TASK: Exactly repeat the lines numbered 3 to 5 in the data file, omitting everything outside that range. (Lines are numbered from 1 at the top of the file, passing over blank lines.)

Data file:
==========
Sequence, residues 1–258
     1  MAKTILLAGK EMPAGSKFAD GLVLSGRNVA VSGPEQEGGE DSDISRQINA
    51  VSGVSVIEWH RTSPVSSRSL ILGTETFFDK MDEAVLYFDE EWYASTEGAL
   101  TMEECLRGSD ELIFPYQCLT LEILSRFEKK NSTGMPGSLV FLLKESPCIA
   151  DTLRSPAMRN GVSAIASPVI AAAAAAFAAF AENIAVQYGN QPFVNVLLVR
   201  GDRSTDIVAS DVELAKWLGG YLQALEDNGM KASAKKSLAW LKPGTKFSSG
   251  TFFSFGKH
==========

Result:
    51  VSGVSVIEWH RTSPVSSRSL ILGTETFFDK MDEAVLYFDE EWYASTEGAL
   101  TMEECLRGSD ELIFPYQCLT LEILSRFEKK NSTGMPGSLV FLLKESPCIA
   151  DTLRSPAMRN GVSAIASPVI AAAAAAFAAF AENIAVQYGN QPFVNVLLVR